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Skate Today

Skating’s a Family Affair for Lenko and Islam

Joanna Lenko & Mitchell Islam

The 2005 Canadian novice dance silver medallists, Joanna Lenko and Mitchell Islam, decided to forego a second year in novice and jump straight into junior dance competition in Canada this season. “The move was a bit of a surprise,” said David Islam, the team’s head coach and Mitchell’s father. “They did exceedingly well in novice last season so there was no point in holding them back. Their goal at the beginning of last season was to be in the top five and they finished second so why stay back another year. It’s another big step in their development but they’ll have six years of eligibility in juniors internationally and that’s huge. With the time they have together as a team, they’re ready.”

This season, the dancers hoped to place in the top seven at Canadians, which they accomplished by finishing fourth. They finished second in the original dance and third in the free dance at their first junior competition of the season, the Minto Summer Skate in Ottawa, Ontario in July then finished second at the North American Challenge Skate in Montreal in July. The couple then placed first in both the compulsory and free dances at Oktoberfest in Barrie, Ontario. They finished ninth overall at their first Junior Grand Prix in Estonia, but fifth in the free dance.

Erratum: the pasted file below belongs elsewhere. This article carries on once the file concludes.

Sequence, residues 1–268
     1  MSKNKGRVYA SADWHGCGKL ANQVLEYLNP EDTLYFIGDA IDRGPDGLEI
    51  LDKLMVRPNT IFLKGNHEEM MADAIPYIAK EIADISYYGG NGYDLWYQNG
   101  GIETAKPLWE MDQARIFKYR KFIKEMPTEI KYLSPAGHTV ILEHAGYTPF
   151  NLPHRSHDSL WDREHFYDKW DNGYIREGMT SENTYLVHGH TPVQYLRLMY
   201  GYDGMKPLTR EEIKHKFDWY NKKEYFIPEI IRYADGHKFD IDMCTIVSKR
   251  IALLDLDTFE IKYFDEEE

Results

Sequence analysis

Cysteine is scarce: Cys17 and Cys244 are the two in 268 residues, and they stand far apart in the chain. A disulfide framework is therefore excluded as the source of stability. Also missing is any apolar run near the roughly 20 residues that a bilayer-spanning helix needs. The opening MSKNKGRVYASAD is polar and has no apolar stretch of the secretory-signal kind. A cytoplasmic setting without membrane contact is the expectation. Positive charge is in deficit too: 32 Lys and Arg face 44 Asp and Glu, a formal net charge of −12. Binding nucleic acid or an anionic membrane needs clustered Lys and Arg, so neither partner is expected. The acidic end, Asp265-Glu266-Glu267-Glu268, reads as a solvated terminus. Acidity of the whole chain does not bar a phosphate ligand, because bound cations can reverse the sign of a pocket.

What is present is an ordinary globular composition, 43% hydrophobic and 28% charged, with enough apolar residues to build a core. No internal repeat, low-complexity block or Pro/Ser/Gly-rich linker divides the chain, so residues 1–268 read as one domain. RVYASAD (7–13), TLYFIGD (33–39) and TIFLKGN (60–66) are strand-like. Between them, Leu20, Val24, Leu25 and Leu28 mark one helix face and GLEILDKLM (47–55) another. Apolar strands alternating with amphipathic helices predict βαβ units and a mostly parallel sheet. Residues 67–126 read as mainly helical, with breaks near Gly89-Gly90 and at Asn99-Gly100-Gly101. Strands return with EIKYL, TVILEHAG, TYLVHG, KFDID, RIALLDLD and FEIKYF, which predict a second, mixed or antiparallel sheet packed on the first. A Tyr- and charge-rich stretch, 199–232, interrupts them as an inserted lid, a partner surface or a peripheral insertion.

Even though they are only 13 and 15 respectively, Lenko and Islam have been skating together for six years, almost forever in this era of frequent partner swapping. Neither has ever danced with any one else. Both of the dancers have quite a family pedigree in the skating world. Lenko’s three older sisters all skated, with two, Kristina and Sarah, competing at Canadians. Kristina finished as high as eighth in senior dance with Danny Moir in 2003, while Sarah finished eighth in juniors in 2004 with Michael Whitehead. Islam’s parents were both skaters. His mother, Debbie, is an international judge, while his father, David, is one of Canada’s premier ice dance coaches. His sister, who is two years younger, also skates and competed against him and Lenko in pre-preliminary competitions. “We were always first-second,” he remembered.